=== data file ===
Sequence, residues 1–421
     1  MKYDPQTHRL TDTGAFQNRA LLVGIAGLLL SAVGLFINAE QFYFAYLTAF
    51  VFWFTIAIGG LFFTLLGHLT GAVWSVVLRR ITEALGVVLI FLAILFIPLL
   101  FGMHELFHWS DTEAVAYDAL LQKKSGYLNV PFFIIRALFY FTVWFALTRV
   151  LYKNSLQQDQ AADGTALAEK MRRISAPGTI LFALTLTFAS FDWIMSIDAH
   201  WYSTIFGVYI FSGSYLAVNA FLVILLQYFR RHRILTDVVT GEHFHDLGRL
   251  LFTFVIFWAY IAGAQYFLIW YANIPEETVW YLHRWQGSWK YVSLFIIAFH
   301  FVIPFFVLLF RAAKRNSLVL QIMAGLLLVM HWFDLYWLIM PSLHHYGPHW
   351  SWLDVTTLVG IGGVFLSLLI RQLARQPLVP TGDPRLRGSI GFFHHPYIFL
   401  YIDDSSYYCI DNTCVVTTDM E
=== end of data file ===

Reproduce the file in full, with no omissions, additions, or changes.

Sequence, residues 1–421
     1  MKYDPQTHRL TDTGAFQNRA LLVGIAGLLL SAVGLFINAE QFYFAYLTAF
    51  VFWFTIAIGG LFFTLLGHLT GAVWSVVLRR ITEALGVVLI FLAILFIPLL
   101  FGMHELFHWS DTEAVAYDAL LQKKSGYLNV PFFIIRALFY FTVWFALTRV
   151  LYKNSLQQDQ AADGTALAEK MRRISAPGTI LFALTLTFAS FDWIMSIDAH
   201  WYSTIFGVYI FSGSYLAVNA FLVILLQYFR RHRILTDVVT GEHFHDLGRL
   251  LFTFVIFWAY IAGAQYFLIW YANIPEETVW YLHRWQGSWK YVSLFIIAFH
   301  FVIPFFVLLF RAAKRNSLVL QIMAGLLLVM HWFDLYWLIM PSLHHYGPHW
   351  SWLDVTTLVG IGGVFLSLLI RQLARQPLVP TGDPRLRGSI GFFHHPYIFL
   401  YIDDSSYYCI DNTCVVTTDM E